close
close

Welcome to Virginia – The Trek

When most people decide to run a marathon, it is a carefully made decision. In my case, Magnum and I decided that we would participate in the Damascus Marathon the day before at 5 p.m. The marathon goes from Iron Mountain Shelter to the Marathon Gas Station in Damascus. Our decision was motivated by the fact that some of our friends had just walked past the shelter because they were feeling well. Their new plan was to hike 2 days of 20 miles and camp 2 miles outside of town. As a result, we decided we should beat them to town instead.

Since we originally planned to take 2.5 days to get to Damascus instead of 2, I had a lot of extra food and a huge dinner. My dinner consisted of: ramen with dried vegetables, 2 tuna packets and 3 oz of cheese. For dessert I had some Nerd clusters and a honey bun.

Our alarm went off at 5am the next morning, so I was in my tent by 7pm. I hoped that my huge meal and a good night’s sleep would bring me success.

Unfortunately, when I woke up in the middle of the night, I was immediately on high alert because something was rustling in the camp. I knew where my fellow hikers had hung their food bags and it sounded like that was where the noise was coming from. The more I listened, the more worried I became. What if it was a bear trying to get everyone’s food?

I knew I had to check, so I grabbed my goggles and stuck my head out of my tent. As I waved my light around, I saw a pair of eyes staring at me. It was a deer; a herd had decided to come and visit the camp.

Relieved when I saw it wasn’t a bear, I lay down under my duvet to sleep for a few more hours.

The next morning I started walking at 5:30 am. I started with full headlights to make sure I didn’t trip, but it wasn’t long before the sun started peaking over the horizon.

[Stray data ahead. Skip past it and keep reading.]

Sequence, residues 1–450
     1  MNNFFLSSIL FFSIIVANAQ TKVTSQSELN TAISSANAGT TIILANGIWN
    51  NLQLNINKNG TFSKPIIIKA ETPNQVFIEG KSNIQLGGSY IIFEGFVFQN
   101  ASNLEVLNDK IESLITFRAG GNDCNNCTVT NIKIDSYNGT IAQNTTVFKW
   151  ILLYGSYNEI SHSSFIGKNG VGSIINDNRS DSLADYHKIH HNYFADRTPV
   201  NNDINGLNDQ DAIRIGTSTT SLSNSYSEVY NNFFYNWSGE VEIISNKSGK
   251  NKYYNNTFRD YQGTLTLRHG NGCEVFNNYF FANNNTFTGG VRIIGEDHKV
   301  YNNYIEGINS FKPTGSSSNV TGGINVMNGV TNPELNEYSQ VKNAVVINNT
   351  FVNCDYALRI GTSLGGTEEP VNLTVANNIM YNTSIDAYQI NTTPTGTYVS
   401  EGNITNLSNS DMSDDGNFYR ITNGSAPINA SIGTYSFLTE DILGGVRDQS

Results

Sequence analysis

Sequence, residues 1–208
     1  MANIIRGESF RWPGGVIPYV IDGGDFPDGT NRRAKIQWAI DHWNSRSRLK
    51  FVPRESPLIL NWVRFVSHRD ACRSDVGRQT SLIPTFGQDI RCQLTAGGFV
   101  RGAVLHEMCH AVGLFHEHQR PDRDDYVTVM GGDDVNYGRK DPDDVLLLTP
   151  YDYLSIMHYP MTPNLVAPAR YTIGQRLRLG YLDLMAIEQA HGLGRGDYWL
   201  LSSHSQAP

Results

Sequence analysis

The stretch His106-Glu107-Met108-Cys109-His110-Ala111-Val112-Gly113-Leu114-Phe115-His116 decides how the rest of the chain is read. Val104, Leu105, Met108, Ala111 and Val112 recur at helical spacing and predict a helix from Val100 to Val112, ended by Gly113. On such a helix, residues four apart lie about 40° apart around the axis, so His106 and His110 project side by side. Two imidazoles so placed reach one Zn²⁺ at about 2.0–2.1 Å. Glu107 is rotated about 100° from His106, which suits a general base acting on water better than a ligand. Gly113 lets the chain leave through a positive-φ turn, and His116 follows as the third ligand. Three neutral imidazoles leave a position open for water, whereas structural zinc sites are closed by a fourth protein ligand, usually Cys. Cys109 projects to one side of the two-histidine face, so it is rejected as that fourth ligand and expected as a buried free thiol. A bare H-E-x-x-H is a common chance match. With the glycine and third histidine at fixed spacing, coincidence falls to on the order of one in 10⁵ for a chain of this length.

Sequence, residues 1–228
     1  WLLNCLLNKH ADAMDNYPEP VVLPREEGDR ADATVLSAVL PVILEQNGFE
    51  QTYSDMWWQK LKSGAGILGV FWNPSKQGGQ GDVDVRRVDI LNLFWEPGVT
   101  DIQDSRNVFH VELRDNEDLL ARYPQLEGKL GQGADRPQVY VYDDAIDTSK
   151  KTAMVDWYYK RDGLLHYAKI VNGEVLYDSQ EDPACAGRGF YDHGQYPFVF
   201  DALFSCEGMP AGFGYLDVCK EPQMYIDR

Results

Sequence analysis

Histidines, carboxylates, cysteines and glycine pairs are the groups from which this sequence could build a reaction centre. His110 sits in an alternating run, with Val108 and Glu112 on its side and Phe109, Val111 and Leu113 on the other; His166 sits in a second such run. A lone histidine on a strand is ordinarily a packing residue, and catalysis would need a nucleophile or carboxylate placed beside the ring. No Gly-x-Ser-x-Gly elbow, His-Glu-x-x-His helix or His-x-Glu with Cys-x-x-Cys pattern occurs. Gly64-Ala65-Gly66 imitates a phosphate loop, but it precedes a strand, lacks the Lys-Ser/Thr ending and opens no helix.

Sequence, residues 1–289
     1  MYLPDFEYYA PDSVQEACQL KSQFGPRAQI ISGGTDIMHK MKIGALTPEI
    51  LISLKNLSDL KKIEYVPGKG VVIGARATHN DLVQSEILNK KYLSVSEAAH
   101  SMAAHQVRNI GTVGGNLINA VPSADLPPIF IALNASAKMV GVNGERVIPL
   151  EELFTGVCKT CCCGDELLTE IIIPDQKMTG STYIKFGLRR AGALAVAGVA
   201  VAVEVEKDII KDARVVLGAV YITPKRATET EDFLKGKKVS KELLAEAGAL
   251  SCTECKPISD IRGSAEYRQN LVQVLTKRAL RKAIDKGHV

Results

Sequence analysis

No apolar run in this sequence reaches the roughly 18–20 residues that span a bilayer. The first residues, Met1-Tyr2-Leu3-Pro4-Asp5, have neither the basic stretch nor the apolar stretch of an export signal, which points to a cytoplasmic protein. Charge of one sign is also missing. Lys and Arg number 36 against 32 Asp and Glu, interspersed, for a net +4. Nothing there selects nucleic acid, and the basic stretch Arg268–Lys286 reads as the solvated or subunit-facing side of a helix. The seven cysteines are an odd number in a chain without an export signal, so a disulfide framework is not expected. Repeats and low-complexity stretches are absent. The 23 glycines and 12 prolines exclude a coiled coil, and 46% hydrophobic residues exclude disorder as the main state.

The morning kilometers seemed to fly by. The trail follows a ridge to Damascus, so it is flat and easy to walk. I averaged about three miles per hour and before I knew it I reached the first meeting spot, a spring at mile 13.5.

By the time I left spring, it was starting to get warmer, so I put up my umbrella to give myself some shade and put on my headphones.

The afternoon miles were slower, but there was a lot to do to keep myself busy: I finished an audiobook, listened to a podcast, and heard that my company was making layoffs.

The last part certainly provided some nice stress to keep the afternoon kilometers interesting. Luckily I wasn’t fired, but my company ended up cutting 11% of its workforce.

Our final meeting point was at mile 24. I made the mistake of sitting down for 15 minutes because my feet started to hurt. Unfortunately, that was just enough time for all the muscles and tendons in my legs, ankles and feet to stiffen and ache. The last two kilometers were a bit of a slog, but it’s always fun to walk through a walking town.

The marathon ended up taking ~11.5 hours and was worth it. It felt like a cool milestone to know that I can rack up so many miles, even though I definitely don’t want to do that regularly (yet). I also avoided damage that a zero couldn’t repair.

The Broken Fiddle Hostel had a great covered porch with comfortable couches, which was the perfect place to lounge the next day.

Here’s to Virginia for the next month!

Affiliate Disclosure

This website contains affiliate links, which means The Trek may receive a percentage of any product or service you purchase through the links in the articles or advertisements. The buyer pays the same price as otherwise, and your purchase contributes to The Trek’s ongoing goal of providing you with quality backpacking advice and information. Thanks for your support!

For more information, please visit the About this site page.